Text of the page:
A Factor-Augmented Vector Autoregression Analysis of Business Cycle Synchronization in East Asia and Implications for a Regional Currency Union

Publication | January 2014

The paper assesses the potential for a monetary union in Asia by evaluating the progress of business cycle synchronization among 10 major East Asian countries.

Debate continues over whether a monetary or currency union will be a viable alternative to the current exchange arrangements in East Asia. This paper adds to the literature by assessing the level of business cycle synchronization among 10 major East Asian economies which is considered a key precondition for a regional currency union. Unlike previous studies, this paper employs a factor-augmented vector autoregression model that characterizes a large set of 62 foreign and domestic variables simultaneously.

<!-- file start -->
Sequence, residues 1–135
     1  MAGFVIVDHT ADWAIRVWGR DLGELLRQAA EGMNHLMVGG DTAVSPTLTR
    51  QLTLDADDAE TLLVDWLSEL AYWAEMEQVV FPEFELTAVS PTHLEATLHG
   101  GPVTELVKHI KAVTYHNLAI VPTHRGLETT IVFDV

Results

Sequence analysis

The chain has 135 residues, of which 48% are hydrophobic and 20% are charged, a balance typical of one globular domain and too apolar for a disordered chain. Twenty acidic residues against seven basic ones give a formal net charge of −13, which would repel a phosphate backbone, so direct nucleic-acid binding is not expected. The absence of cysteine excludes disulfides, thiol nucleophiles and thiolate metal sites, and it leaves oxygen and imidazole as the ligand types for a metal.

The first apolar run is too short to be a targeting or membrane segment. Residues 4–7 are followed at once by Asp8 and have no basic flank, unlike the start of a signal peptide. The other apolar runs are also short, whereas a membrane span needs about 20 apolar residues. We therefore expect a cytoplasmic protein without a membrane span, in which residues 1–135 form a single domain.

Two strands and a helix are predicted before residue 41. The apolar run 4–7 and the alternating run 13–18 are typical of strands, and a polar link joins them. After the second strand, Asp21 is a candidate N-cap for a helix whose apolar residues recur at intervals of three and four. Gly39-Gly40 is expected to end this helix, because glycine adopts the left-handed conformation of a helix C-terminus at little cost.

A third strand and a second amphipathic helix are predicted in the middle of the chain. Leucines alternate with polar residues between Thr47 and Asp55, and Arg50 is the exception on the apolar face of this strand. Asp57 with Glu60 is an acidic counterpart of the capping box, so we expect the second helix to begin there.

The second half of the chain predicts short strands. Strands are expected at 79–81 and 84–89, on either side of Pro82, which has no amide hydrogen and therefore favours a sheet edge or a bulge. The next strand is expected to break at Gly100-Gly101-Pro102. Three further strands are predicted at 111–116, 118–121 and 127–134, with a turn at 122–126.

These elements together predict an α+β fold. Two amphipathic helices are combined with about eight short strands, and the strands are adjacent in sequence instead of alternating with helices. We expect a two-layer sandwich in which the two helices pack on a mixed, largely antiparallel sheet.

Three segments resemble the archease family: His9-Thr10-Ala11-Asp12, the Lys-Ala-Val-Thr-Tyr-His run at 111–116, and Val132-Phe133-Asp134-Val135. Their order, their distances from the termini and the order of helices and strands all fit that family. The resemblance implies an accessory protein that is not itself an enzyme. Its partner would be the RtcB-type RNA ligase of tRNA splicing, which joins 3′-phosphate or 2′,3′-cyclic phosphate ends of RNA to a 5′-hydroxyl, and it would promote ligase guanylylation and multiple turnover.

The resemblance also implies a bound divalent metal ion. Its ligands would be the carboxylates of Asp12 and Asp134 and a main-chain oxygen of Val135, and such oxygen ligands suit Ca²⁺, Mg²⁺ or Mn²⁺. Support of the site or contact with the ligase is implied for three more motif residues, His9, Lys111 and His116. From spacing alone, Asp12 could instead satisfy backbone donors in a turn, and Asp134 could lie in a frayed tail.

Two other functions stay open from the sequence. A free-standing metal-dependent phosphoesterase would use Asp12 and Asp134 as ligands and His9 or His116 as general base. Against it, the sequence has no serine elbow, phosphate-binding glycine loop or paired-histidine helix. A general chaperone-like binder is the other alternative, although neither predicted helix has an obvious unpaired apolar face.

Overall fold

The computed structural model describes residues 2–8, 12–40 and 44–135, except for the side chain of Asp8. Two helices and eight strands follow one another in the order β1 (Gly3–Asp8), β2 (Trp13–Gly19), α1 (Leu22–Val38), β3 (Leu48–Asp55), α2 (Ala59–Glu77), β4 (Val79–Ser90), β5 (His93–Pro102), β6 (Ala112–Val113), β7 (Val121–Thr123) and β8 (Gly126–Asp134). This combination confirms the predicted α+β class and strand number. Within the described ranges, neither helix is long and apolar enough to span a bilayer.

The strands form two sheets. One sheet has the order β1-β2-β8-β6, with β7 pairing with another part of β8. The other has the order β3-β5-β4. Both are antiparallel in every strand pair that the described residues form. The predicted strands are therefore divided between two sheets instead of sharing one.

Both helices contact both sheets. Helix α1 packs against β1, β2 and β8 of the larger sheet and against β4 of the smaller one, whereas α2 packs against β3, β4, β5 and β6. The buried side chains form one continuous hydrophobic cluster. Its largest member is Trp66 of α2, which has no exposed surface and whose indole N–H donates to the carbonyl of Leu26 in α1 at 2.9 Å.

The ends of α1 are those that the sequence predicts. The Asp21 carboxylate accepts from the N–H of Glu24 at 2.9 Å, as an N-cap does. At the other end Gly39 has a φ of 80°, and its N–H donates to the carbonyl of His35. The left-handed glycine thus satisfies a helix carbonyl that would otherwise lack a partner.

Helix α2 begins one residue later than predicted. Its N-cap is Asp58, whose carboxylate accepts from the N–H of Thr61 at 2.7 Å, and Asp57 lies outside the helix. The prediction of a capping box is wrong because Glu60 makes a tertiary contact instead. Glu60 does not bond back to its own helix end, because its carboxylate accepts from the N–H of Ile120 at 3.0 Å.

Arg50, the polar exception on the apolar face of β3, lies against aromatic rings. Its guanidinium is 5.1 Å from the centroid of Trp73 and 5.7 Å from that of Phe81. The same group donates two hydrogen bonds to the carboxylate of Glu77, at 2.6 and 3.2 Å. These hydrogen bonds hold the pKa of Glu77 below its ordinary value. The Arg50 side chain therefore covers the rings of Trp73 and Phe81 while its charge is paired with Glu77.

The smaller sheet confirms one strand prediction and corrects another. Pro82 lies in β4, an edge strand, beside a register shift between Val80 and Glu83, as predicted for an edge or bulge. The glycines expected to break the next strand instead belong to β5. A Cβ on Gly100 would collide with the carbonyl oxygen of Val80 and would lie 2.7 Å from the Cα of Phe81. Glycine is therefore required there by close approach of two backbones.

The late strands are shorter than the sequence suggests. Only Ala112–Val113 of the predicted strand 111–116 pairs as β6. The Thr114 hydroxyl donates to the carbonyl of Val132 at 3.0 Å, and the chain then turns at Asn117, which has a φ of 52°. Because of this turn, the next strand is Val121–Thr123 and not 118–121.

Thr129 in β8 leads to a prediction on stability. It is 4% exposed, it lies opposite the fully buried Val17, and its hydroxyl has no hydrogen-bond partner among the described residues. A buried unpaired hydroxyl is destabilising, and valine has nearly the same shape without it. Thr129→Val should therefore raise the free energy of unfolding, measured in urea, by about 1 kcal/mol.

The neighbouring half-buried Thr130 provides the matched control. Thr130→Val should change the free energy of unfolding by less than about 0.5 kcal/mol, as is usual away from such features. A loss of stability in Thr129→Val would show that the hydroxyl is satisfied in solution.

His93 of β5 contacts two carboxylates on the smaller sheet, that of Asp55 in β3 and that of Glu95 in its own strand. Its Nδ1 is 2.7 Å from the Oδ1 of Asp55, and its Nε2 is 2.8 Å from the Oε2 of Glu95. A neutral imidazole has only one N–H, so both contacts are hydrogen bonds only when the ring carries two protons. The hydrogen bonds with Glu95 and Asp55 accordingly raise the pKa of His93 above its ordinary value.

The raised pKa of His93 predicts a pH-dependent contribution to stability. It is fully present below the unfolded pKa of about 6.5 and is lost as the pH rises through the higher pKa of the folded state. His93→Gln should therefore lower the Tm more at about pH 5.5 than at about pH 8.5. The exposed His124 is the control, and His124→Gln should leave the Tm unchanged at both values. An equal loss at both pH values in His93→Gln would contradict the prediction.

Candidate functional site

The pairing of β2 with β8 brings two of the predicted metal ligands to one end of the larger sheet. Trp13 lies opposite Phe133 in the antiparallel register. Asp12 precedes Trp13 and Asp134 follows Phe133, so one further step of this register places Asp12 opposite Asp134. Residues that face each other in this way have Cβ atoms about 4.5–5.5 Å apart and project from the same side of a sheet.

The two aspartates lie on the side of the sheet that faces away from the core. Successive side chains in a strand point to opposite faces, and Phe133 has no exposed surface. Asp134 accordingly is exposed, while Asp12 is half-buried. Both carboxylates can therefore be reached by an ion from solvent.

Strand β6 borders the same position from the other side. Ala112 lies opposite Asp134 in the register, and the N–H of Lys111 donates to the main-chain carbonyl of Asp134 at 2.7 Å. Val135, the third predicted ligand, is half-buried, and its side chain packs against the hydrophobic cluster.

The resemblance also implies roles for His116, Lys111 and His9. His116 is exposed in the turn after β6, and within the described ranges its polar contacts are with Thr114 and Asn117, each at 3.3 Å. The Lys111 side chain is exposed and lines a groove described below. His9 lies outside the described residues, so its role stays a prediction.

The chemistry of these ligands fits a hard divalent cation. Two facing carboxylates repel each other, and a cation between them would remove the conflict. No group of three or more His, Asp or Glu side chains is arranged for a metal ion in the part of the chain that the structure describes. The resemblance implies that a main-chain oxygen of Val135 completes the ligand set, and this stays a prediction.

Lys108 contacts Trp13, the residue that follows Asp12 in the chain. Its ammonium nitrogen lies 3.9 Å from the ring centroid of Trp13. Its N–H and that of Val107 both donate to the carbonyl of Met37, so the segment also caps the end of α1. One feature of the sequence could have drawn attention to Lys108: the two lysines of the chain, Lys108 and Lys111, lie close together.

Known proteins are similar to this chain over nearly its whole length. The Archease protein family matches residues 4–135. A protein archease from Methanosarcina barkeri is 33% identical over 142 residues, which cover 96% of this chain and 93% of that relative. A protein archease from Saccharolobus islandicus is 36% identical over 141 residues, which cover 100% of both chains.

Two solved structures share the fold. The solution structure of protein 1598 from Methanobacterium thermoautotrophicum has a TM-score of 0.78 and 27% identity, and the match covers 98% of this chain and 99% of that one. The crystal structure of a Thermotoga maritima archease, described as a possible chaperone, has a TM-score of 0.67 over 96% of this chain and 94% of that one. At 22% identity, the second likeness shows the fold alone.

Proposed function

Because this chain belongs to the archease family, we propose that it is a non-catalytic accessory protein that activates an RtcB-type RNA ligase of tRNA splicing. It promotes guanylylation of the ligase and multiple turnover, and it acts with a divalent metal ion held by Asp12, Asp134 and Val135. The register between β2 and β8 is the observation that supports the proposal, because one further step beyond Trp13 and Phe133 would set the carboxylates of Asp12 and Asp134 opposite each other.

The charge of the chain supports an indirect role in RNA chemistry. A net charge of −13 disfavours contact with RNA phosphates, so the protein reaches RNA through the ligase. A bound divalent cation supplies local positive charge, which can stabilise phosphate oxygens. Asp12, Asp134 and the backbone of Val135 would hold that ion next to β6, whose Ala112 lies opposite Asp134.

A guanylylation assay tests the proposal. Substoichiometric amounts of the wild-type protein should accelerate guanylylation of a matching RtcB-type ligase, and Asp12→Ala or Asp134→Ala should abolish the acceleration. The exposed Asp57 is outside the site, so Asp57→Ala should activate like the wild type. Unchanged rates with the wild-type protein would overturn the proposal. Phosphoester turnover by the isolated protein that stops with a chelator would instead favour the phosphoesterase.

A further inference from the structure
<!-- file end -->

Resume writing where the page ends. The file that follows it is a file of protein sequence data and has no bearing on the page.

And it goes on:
Five common shocks are identified, and are examined how and to what extent these shocks affect each economy in the region. Empirical results indicate that the majority of East Asian economies exhibit similar responses to world and regional shocks. Of particular importance is the finding that individual gross domestic products (GDPs) are well synchronized in response to the two major determinants of world and regional GDP shocks.

Overall, the evidence presents positively for consideration of a regional currency union in East Asia. Some suggestions are offered concerning steps to build a foundation towards the establishment of an East Asian currency union.

Contents 

  • Abstract
  • Introduction
  • Econometric Model and Estimation
  • Data Description
  • World and Regional Common Factors
  • Structural Analysis
  • Conclusion
  • References